India’s oldest private sector mutual fund schemes can teach us a thing or two

India’s oldest private sector mutual fund schemes turned 25 this month. By any yardstick, these funds have delivered impressive returns, with Franklin India Bluechip compounding investors’ money at 20.45 per cent and Franklin India Prima earning 19.67 per cent since inception.

But investors looking back at the enormous wealth created by these funds seem to be drawing all kinds of wrong lessons from their record.

So, here is setting the record straight, on the real lessons from Bluechip and Prima.

Sponsors don’t matter

Whatsapp forwards tell you that had you invested Rs.1 lakh in Franklin India Bluechip (then Kothari Pioneer Bluechip) in December 1993, you would be sitting on Rs.1.04 crore by November 2018. In Kothari Pioneer Prima, you would have made Rs.89 lakh.

But if you are kicking yourself on this missed opportunity, it is a futile exercise. It is only with the benefit of hindsight that you know that the two new fund offers (NFOs) from Kothari Pioneer were winning bets 25 ago.

If you travelled back in a time capsule to 1993, Kothari Pioneer was then a brand new entity to enter the industry with NFOs on its market-linked schemes. At that time, assured return schemes from public sector fund houses such as UTI, Canara Bank, BOI and SBI were far more popular. At the time, faced with a choice between a private entity’s market-linked plans and assured return funds such as Canstar, BOI Double Square Plus and US-64, investors overwhelmingly chose the latter. These schemes later ran into trouble and had to be bailed out by their sponsors.

Therefore, the real lesson from the success of Kothari Pioneer’s funds is that in long-term investing, you can trust market returns far more than sponsors’ promises. Good performance can come from a fund without a big-name sponsor.

Don’t buy and forget

The other mistaken lesson that many are drawing from this experience is that one can generate wealth by simply buying equity funds and then forgetting all about them. The argument goes that the Franklin India Schemes have experienced quite a few ups and downs in their 25 year history-three bear markets, a change in sponsor, spells of under-performance. Tracking the schemes closely may have led to investors over-reacting to these events and jumping off the ship mid-way.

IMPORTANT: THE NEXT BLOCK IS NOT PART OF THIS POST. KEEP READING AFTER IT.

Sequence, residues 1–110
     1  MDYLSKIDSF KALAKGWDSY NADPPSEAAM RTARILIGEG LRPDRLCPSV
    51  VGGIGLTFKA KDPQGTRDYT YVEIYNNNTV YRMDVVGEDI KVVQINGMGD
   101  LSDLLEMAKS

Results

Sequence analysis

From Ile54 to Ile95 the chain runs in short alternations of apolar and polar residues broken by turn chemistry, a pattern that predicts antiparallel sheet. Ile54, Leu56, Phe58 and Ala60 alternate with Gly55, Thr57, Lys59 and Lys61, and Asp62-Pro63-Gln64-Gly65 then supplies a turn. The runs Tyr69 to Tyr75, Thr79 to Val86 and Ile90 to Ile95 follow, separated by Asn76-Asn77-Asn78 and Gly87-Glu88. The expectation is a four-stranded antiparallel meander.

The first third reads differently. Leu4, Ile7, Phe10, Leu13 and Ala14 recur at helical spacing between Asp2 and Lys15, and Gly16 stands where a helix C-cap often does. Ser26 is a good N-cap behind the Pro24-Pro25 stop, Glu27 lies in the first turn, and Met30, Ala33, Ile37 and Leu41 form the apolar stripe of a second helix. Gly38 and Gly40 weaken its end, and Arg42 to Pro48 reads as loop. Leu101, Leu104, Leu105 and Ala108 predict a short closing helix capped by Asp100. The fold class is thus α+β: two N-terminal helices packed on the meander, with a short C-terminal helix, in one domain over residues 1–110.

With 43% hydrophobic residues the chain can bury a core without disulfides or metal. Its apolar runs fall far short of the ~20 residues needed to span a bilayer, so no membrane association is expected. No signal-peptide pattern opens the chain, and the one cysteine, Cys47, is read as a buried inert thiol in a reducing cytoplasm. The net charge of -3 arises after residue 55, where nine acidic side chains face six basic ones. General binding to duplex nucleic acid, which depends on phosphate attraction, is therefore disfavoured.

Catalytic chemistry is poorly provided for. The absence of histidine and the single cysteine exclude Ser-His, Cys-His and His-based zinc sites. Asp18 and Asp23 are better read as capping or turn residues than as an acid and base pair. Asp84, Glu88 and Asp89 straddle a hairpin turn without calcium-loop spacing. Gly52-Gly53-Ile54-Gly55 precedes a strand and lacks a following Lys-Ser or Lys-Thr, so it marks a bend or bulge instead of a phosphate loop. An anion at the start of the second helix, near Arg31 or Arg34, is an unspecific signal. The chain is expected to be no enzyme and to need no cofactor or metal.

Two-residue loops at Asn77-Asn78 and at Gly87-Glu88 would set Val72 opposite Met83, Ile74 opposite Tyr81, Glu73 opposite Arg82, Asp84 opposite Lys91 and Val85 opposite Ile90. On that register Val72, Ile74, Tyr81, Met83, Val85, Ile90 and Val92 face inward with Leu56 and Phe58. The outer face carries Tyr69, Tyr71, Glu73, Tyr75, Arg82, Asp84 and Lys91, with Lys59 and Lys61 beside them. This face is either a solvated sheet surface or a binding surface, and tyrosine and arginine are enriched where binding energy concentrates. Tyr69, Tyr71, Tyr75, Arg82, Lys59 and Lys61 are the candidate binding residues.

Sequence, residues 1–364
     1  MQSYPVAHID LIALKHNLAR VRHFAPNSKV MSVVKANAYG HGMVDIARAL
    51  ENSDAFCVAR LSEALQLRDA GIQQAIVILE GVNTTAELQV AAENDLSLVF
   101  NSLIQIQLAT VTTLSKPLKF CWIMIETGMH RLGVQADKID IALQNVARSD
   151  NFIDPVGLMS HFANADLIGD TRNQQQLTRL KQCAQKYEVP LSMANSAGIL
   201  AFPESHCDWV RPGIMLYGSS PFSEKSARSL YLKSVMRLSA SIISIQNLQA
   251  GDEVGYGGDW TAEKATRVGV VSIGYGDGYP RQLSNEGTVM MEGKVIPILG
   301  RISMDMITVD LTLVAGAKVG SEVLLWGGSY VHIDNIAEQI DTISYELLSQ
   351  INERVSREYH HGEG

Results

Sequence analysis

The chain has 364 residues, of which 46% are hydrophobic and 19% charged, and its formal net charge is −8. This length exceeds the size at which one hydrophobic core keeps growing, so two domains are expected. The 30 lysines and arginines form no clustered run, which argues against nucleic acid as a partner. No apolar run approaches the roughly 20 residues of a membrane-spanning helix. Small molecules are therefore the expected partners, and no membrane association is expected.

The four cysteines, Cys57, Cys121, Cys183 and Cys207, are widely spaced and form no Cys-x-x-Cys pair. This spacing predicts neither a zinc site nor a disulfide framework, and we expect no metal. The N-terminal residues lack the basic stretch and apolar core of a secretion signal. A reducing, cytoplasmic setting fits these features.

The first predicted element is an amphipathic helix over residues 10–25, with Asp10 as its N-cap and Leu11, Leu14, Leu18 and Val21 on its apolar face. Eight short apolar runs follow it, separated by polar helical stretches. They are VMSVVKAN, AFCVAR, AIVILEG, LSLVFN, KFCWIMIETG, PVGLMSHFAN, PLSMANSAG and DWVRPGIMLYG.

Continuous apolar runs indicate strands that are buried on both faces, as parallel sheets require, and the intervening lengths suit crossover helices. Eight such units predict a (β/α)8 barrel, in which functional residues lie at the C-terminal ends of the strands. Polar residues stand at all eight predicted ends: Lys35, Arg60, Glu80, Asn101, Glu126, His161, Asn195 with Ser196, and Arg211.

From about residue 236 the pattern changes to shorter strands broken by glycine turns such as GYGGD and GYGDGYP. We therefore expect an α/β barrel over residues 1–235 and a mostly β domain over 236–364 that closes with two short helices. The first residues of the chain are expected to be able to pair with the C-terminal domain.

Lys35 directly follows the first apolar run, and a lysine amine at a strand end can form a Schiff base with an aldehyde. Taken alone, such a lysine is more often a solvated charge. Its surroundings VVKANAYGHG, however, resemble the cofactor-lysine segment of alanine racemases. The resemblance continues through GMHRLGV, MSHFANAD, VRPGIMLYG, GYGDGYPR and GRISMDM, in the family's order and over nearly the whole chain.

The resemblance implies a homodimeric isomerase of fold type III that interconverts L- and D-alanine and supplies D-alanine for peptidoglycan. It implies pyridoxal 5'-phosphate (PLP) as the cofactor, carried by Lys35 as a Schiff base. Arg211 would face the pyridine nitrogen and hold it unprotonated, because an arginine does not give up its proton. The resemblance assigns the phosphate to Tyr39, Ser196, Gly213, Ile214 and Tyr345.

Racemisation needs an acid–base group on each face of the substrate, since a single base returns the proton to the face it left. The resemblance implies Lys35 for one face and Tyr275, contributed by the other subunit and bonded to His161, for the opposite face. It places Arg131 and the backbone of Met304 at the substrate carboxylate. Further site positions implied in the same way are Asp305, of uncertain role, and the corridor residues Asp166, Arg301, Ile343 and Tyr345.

But investors in equity funds have more to lose than gain by ignoring big events that affect their investments. If change in ownership results in a new fund management team, the performance of your scheme can go for a toss. When a fund takes a big hit in a bear market, it could mean that it fell prey to sector fads or momentum stocks. When it slips behind benchmarks, it could be a temporary hiccup or the beginning of structural trend.

Franklin India’s case is the exception rather than the rule on the buy-and-forget strategy which equity funds. Both Bluechip and Prima have seen minimal changes in their mandate over the past 20 years.

The takeover by Franklin Templeton didn’t disturb the fund management team or mandates. Though the schemes did take bad hits in bear markets and had spells of under-performance, they were resilient enough to bounce back.

But investors in majority of the other nineties vintage funds haven’t been as lucky. Some have seen drastic changes in their character after takeovers, some have been bailed out, and others wound up.

Therefore, the lesson from the Franklin experience is not that you should ignore negative events after you buy equity funds. It is that you must review regularly and take a considered decision to hold on if they deliver performance and continuity.

Don’t rush to sell a fund

A third lesson is that one mustn’t treat equity fund investments like stocks and rush to ‘book profits’ based on a year or two of high returns.

After three years of losses from 1995 to 1997, Prima Fund put up a blockbuster show in the next two years, nearly trebling its NAV. But investors who booked profit in 2000 to lock into those gains would have lost out on the 20-fold gains that followed in the next 18 years. Franklin India prima and Bluechip have seldom been top-ranking funds in their category on an annual basis. But investors who exited them to switch to chart-toppers would have fared far worse than those who stayed.

Overall, there are only three good reasons to sell an equity fund. If it under-performs its benchmark for over two years, you can switch to a better one. If there is a change in mandate that is out of sync with your risk profile, you must look for a better fit. Beyond these reasons, booking profits on an equity fund only makes sense if your goal Is less than three years away and you need the money.

This Article is Published in Business Line by Aarati Krishnan.

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